This tool is exclusive to Mac users, but it’s a great vector-based option if your main focus is on app, interface and web design. Recently, Sketch has been peeling away some of the Photoshop users, who favour its file formatting, rather than the layered files you’ll find in Photoshop.
Whilst it’s not meant for print work or photo editing per se, it’s a powerful graphic design software for interfaces and icons that you find on mobile apps and business websites. Another neat little feature Sketch offers is the ability to generate live comps you can preview, by simply swiping or tapping through them via slideshow.
6. Gravit Designer
Another free graphic design software, boasts vector design application that’s lovely for editing and manipulating photos (we see ya cauliflower boy), creating logos, and generating illustrations. What’s nice about Gravit Designers is its program is cloud-based, which means you can access it from virtually anywhere. It must be noted, however, that the cloud version is reported to be a tad bit slower than if locally installed.
You can also opt into the Gravit Designer Pro version of the program, which boasts additional animation and customizations options. Gravit Designer is a great tool for those starting out, with a UI even your nan could understand (maybe).
We’ll be honest, Inkscape is pretty tricky to wrap your head around starting out, so keep your nan away from this bit of kit. Luckily though, the community that prefers to work using this graphic designer tool happens to be friendly, passionate, and willing to help any users with questions they’re likely to have.
Once you get past the steep learning curve and outdated interface, you’ll have some of the best open-source design software at your fingertips. Just keep in mind the Mac version isn’t quite as stellar as the one on Windows. Inkscape is just short of greatness, but still a powerful option.
8. Adobe InDesign
The third and Final Adobe product on this list, InDesign is an absolute game-changer for designers when it comes to designing things like brochures, flyers, reports or anything publishing related. It has been the go-to design editor for magazines and newspapers since the late 90’s and shows no signs of being knocked off its perch any time soon.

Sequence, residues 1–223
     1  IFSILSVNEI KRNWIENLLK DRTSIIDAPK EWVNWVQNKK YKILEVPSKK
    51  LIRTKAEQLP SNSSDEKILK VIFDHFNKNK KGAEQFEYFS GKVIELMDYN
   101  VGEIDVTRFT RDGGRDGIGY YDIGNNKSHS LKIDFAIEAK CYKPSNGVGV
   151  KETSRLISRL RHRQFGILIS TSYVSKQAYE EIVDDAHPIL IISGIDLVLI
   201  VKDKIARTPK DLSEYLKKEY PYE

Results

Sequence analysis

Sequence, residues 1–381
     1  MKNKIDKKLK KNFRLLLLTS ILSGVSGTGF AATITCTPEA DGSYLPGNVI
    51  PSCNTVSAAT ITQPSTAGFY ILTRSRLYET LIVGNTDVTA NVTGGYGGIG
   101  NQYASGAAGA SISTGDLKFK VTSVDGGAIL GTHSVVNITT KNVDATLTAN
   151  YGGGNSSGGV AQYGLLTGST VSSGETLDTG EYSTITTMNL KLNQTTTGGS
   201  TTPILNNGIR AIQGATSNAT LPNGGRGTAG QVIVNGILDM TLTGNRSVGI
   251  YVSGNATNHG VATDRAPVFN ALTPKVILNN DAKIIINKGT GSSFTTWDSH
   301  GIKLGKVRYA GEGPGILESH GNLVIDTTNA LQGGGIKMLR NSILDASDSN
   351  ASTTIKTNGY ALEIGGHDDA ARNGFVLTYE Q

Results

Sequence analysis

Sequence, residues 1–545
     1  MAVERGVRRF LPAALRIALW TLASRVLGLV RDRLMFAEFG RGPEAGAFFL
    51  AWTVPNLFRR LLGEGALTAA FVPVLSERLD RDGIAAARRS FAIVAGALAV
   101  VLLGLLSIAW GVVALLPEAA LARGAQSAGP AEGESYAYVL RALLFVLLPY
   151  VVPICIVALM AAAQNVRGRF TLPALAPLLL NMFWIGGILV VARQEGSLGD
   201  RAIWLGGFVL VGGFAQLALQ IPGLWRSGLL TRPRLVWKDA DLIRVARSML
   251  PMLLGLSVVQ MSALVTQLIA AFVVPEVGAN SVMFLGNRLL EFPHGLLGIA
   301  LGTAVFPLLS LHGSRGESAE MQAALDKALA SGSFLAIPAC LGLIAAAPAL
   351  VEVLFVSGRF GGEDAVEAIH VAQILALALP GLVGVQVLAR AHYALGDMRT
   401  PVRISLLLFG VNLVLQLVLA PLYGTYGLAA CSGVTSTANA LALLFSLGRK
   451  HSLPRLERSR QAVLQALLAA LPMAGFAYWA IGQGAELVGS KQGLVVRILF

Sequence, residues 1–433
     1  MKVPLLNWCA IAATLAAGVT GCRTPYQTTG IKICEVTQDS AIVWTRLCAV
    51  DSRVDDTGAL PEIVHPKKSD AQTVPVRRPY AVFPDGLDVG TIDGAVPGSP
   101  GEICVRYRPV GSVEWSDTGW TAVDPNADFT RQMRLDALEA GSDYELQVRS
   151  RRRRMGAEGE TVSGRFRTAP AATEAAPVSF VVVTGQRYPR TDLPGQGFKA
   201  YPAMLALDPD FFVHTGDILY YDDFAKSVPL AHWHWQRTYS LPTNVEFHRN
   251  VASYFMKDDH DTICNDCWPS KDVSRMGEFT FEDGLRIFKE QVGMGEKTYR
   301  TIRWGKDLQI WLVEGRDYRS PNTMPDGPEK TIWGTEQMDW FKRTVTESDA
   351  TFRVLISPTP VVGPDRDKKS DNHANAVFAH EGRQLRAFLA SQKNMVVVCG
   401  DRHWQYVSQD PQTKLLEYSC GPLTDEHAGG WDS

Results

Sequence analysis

Although it doesn’t have the versatility that the other programs on this list offer, it has mastered the publishing layout game and the learning curve is surprisingly low. If you’re designing publishing content, Adobe InDesign is the undisputed king.
CorelDraw is another great vector-based software that gives you access to pro-level features, and has a simple, straightforward interface to boot. It has an online library that gives you access to thousands and thousands of digital images, templates, fonts, templates, frames and more.
The UI is highly customizable as well, which means you can tailor your user experience around what you’re actually doing on the platform, rather than navigating through all of the features. While the UI is simple, the number of features can be a little overwhelming.
The great thing about Visme is that you’re not required to learn complex systems and software, whilst still offering you a powerful program that’s a step above basic design functions. There’s an amazingly simple drag and drop editing tool, which makes it a cinch for businesses to create visual content on a dime.
There are free and paid options for this graphic designer software, but with the paid version you get access to literally millions of photos, videos, icons, graphics and more. Where this program really shines is with the advanced animations and interactive features. Pop-ups, cartoon animations, and widgets are all where Visme is at the top of its game.
Any graphic designers out there using Canva?
That’s abso-fucking-lutely correct!
Just because you can put something together on Canva does NOT mean you’re a graphic designer!
Cool, I’m glad we got that out of our system – it’s kind of a touchy subject for us!
Anyway, many in the community believe Canva hurts the graphic design industry, due the similarity of designs as a result of Canva’s templates.
Don’t get us wrong, it’s cheap, offers basic photo edits and allows you to design a wide array of different types of documents, flyers and images. It’s also incredibly easy to use.
We’re not saying that Canva is a bad program at all, it wouldn’t be on our list if that was the case. It’s a great way to start your career if you have virtually zero experience, but once you get your designer baby legs stabilised, you should move up the bracket if you want credibility as an ACTUAL graphic designer. Otherwise, let’s leave Canva use to the social media managers out there that don’t have an inhouse-designer or digital design agency on their side.
Depending on what you’re looking to design will very much play a part on what graphic design software you should be using. If you’re using Adobe Illustrator to edit a photo rather than using Adobe Photoshop then you’ve fucked it! It’s like cutting the grass with a pair of scissors. You’ll get there eventually but you’re not helping yourself and you’ll look a bit of a bellend.
Any professional graphic designer should have multiple tools available to them, suitable for the job in hand. We’ve given you a list of some of the best software available in our opinion but if you held us at gunpoint and asked us to pick 1 as a favourite, we’d take our chances and say one brand but pick 3. It’s Adobe all the way for us – Photoshop, Illustrator and InDesign for the win!